Tukudh Bibles, hymns, and prayer books are still in use today and can be understood by older fluent speakers like Henry, who in turn can pass on a legacy that is highly valued by Gwich’in people.
John Ritter, founding director of the language centre, developed a modern Gwich’in writing system for the Canadian dialects of Gwich’in in the 1970s, using a modernized phonetic alphabet.
That system is used for other Yukon native languages as well. The language centre has worked with First Nation communities throughout the territory to develop dictionaries, story books, and other written materials in each language.
Joseph-Rear explains how she and Henry draw on his knowledge of Gwich’in in their lessons. “I don’t know Gwich’in, but I can read really well, so sometimes we look for a word in my Gwich’in dictionary (in the Fort McPherson dialect). I look it up and read it to Percy and then he translates it into Han for me.”
Still, teaching is a challenge for Henry because he doesn’t have many fluent elders to converse with these days. Many of the speakers who participated in the early literacy sessions have passed away. “It’s pretty hard for me because I got nobody to talk to. If two or three elders get together and tell stories, you can do it because you’re used to talking the language.”
That’s why the literacy sessions at the language centre are so important in helping to sustain language skills. Joseph-Rear remembers working with other fluent elders such as Clara van Bibber and Archie Roberts when they were still alive. “It was just like watching children when they worked together for the first time. Someone would say, ‘Oh, jeez, I never heard that word for a long time.’ Even when we come to these literacy sessions, a lot of new words come up.”
Those words include not just language vocabulary but place names, clan and other traditional names, songs and stories.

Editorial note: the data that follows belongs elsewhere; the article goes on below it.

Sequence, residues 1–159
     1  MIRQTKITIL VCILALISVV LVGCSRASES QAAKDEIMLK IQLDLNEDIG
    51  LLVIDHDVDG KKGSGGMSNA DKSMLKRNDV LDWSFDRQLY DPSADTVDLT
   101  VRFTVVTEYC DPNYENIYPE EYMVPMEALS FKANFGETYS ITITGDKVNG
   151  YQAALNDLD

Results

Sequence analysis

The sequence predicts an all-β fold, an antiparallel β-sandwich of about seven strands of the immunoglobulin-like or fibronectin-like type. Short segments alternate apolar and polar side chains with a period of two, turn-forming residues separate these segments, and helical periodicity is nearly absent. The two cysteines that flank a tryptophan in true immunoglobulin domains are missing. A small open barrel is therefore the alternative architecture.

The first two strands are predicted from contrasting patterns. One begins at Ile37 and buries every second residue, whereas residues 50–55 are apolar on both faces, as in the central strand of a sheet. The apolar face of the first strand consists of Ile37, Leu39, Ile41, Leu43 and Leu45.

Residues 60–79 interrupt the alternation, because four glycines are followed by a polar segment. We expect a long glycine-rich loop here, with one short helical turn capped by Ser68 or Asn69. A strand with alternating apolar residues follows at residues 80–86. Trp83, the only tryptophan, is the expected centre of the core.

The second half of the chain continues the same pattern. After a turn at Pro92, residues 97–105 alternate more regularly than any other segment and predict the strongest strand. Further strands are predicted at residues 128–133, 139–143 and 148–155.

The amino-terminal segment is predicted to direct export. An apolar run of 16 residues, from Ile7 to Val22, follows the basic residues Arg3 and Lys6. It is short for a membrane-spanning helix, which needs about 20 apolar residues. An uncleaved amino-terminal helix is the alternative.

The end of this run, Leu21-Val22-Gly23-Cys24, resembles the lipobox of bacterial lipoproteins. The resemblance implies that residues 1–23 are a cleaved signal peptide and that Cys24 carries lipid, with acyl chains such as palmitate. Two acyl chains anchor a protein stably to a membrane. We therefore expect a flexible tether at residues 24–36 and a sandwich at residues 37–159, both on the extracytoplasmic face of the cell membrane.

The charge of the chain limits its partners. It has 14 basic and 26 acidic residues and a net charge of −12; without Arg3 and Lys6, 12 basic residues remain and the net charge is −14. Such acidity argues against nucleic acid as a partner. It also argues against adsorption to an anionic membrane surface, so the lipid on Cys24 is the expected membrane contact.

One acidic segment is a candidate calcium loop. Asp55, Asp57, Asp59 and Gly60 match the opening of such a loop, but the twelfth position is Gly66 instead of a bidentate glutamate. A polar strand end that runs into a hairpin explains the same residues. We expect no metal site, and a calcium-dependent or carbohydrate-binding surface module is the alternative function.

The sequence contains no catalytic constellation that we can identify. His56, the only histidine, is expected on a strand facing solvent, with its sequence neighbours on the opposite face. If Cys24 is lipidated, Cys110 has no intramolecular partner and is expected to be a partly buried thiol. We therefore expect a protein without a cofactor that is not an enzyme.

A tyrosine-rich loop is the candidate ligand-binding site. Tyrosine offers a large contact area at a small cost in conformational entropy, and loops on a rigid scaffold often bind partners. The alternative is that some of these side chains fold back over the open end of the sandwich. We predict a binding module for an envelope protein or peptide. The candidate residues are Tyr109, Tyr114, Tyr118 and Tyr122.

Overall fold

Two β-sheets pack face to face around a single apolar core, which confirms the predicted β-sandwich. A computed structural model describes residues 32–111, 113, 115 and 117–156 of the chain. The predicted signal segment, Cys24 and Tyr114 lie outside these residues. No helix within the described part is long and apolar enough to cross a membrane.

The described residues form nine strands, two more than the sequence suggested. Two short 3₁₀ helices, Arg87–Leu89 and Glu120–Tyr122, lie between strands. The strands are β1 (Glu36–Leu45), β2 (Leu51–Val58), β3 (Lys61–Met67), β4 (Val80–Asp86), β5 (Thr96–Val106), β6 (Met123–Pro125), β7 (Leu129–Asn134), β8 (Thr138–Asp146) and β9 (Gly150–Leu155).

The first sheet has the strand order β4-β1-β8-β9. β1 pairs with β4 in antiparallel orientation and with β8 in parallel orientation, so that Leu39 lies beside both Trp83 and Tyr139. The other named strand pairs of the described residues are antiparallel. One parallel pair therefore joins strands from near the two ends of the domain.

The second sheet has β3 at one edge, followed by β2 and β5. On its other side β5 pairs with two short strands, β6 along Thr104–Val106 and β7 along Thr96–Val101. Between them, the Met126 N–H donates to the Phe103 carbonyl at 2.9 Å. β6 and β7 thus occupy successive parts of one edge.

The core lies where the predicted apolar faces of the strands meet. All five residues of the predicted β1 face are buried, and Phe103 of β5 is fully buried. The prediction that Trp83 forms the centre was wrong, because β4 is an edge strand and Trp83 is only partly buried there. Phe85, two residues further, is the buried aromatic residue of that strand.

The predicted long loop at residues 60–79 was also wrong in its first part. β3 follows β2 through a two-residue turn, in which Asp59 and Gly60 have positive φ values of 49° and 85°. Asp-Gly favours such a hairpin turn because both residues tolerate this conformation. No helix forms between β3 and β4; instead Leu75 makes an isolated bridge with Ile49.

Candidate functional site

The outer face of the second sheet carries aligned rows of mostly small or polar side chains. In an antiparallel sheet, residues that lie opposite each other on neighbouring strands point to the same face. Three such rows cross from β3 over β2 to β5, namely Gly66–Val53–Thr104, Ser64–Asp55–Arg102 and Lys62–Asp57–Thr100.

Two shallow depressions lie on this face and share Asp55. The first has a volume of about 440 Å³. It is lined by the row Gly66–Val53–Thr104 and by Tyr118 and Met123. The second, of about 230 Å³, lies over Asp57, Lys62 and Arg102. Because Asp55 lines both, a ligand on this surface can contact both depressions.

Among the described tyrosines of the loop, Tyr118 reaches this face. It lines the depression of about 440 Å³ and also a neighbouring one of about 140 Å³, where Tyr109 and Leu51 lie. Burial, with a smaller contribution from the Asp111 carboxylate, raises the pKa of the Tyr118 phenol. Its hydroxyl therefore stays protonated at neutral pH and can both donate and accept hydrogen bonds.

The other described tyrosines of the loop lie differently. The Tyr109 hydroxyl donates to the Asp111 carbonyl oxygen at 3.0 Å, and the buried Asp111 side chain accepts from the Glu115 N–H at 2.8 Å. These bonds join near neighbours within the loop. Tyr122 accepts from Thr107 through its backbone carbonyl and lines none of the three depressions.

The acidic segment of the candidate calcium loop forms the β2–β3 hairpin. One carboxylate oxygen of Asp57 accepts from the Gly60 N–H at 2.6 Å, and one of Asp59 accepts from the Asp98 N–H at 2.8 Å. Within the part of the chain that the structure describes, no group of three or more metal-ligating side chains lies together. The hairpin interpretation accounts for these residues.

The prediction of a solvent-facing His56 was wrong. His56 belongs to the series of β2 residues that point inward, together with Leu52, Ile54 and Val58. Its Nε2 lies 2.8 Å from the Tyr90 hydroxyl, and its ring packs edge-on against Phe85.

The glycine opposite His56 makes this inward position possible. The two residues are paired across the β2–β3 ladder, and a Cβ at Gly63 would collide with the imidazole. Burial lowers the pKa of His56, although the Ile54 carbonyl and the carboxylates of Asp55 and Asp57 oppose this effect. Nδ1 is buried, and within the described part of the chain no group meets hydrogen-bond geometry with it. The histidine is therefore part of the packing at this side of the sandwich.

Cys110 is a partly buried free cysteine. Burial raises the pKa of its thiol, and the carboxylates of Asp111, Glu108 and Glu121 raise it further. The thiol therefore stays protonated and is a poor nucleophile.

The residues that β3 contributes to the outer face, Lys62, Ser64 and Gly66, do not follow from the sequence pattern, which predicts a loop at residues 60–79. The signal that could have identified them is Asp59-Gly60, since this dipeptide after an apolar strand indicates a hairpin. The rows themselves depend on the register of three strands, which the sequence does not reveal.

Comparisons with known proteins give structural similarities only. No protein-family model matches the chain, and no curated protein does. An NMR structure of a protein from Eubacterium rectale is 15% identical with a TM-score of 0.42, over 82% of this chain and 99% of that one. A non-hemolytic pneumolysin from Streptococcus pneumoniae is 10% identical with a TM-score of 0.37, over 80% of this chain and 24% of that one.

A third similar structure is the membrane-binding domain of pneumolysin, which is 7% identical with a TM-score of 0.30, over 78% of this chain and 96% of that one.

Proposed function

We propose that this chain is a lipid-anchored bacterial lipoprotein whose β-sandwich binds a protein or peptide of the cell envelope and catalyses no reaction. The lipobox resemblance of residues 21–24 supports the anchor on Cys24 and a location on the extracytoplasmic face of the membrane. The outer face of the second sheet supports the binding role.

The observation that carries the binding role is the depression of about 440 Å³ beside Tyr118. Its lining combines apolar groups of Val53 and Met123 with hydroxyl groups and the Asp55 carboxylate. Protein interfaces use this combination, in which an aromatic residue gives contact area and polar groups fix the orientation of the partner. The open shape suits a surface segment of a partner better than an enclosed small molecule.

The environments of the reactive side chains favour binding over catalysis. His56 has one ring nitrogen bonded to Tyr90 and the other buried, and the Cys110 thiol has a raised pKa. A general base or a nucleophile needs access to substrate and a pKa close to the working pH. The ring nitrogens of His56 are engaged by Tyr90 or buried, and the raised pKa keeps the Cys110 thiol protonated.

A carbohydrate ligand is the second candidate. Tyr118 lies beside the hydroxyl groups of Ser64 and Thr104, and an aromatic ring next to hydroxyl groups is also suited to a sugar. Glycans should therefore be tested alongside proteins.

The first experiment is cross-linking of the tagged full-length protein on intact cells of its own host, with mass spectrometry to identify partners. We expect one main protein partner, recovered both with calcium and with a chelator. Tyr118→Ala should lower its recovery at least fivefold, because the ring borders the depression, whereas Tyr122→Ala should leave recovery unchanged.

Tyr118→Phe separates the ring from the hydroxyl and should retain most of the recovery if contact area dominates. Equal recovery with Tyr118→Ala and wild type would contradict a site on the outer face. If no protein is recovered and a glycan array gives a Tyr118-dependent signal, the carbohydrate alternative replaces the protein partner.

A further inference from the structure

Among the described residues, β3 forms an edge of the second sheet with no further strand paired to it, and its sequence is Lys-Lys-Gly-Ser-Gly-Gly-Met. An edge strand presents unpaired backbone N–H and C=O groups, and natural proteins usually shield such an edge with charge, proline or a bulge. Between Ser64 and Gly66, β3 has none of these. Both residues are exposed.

“It’s the connection to our language and the workshops offered by the language centre that are keeping it going and that have really helped us,” says Joseph-Rear. “I feel really good about this place.”
As for Henry, she describes him as “very generous” with other learners. Henry notes wryly that “it took years to get the young people to start listening. Now they ask some questions I can’t answer.” He and Joseph-Rear burst into laughter as he says, “They won’t let me quit!”
One of those questions is what the future will be like. “I just tell them what the elders taught me,” says Henry. “In 1943 I was in Old Crow. There were a lot of ducks and other animals. The elders tell me, ‘See that? In the future it will all be gone.’
“So now I tell the kids there’s a tough time coming. If you respect the land, look after it, if you respect the animals and don’t interfere with them, you might make it through.
“Sometimes I want to quit, but it’s hard to walk away.”
This article was provided courtesy of the Yukon Native Language Centre. Information on YNLC’s training programs can be found at http://www.ynlc.ca